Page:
Step 5 A Thing or Two Before You Finish… You are on your way to completing your family history! Before you finish up, consider the following: Run a test. Save yourself the stress and heartache of having to start over because of a technical hang-up. Before printing your whole document, make a mock-up page that includes a sampling of the different elements that will be in your finished history (photos, clip-art, text, etc.). Bring in your mock-up or take it to a publisher to test how the printing process is going to work for you. It’s better to discover a problem early so it can

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be fixed with the least amount of effort. Make back-up copies. It is a good habit to always be backing up your work. Someday your computer’s hard drive will most likely crash. Don’t let it go down with the only copy of your family history. Your back-up files can be placed on your flash drive, or you can send them to a close relative for safekeeping on their system. Save often. Along with making a back-up copy, be sure to periodically save your computer documents as you work. Computers have an uncanny ability to crash just before you save a few hours of work. Proofreading. As mentioned before, it’s always good to have others look at your work. With fresh eyes on a project, they are more likely to catch formatting and grammatical errors. When the files are submitted to us, we assume they are ready for print. We don’t do any proofreading of the materials, so please make sure all your corrections have been made before your files are submitted.

Step 6 Submitting Your History for Printing When you are ready to submit your files to be printed, you have a couple options. You need to save them first in one of two formats if you plan to transfer it by disc to a publisher: application files or print-ready files (includes PDF). Ask your publisher which they prefer. Files on Disc. Because most print shops will require you to submit your work in a print-ready file format, the following information is most important. There are a number of print-ready formats, the standard of which is a PDF file. Most print shops are set up to accept these files. Print-ready files are nice because they are platform and application independent (which means they can be printed without any of your software programs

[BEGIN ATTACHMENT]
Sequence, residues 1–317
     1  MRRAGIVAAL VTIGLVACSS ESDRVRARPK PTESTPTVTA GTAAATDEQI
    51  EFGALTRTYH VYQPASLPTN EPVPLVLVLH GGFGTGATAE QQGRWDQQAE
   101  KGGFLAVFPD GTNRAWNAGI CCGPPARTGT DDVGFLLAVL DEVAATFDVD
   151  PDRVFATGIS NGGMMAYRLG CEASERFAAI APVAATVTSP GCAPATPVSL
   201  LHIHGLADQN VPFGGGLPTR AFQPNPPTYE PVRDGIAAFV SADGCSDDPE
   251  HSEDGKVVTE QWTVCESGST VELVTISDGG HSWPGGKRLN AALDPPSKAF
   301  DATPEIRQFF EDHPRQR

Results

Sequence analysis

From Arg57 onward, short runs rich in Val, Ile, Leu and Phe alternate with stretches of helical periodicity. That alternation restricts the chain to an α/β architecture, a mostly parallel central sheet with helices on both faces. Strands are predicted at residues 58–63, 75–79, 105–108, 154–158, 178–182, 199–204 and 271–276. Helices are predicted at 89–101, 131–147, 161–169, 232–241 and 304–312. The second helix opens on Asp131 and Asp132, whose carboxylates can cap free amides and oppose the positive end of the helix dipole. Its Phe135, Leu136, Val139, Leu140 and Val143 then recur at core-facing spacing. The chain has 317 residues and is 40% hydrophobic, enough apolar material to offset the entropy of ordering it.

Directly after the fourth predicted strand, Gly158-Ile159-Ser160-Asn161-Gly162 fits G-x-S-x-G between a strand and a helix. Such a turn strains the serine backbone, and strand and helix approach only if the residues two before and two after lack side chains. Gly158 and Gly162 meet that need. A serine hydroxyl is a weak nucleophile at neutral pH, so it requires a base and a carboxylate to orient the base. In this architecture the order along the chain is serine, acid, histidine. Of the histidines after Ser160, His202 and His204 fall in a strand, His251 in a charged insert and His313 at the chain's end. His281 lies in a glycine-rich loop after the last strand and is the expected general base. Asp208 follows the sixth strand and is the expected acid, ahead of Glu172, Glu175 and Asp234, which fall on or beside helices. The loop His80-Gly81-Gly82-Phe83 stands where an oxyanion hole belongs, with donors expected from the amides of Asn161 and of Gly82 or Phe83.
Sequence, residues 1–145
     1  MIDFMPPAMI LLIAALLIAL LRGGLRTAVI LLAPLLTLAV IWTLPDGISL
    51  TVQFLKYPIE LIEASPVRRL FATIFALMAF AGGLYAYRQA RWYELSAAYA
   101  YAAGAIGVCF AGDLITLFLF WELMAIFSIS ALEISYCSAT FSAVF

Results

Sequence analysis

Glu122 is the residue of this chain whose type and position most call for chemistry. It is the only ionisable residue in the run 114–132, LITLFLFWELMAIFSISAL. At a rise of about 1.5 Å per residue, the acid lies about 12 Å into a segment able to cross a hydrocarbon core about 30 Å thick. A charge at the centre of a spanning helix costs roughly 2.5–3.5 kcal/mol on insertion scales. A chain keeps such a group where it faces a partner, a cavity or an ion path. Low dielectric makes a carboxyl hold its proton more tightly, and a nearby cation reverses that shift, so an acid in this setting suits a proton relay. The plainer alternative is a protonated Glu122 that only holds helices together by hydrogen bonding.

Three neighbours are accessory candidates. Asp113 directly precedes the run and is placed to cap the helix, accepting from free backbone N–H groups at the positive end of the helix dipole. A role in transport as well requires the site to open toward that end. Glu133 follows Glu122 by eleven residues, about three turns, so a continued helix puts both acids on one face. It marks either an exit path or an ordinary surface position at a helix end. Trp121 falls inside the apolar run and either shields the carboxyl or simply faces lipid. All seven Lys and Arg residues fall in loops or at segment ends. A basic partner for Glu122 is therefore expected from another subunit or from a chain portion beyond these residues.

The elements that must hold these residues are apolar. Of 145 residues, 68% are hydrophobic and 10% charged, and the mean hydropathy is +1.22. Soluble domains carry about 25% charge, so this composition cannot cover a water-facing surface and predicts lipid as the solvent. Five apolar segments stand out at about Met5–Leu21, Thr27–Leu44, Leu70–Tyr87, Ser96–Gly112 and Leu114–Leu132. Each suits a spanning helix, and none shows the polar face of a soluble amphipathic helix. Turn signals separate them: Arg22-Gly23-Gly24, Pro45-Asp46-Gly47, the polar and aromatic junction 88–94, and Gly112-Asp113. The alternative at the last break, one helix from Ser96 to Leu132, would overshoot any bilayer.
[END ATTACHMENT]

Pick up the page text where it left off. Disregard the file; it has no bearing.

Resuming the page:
from either Macintosh or PC-compatibles). Print-ready files also have the benefit of embedded fonts and graphics. As long as the file is made correctly it will print without problems, but please make sure to review your newly created PDF; it’s rare, but sometimes a problem may occur during the transition into a PDF. It’s best to catch problems before submitting the file to the printer. You cannot edit print-ready files once they are created, but it is very easy to create a new PDF file to submit. Online Submission. You can also submit your files online to BYU Print and Mail. Your files must be in PDF format to use this service. Simply go to our online submission site: www.cougarprints.byu.edu • Begin with “Start my order” • Choose the “Family History” option and click “Next” • Browse to your files and upload all of them, adding them one at a time When you are finished, click “Next” • Choose the type of binding you want, click “Next” • Give us your email address, name and phone number • Click “Submit” Nothing could be easier!

Conclusion Pulling together a family history is not an easy task, but it is without question one of the most rewarding activities you can be doing with your time. The end product will provide a wonderful depository for family stories, traditions, and other memories. The fruits of your labors will be appreciated for generations to come.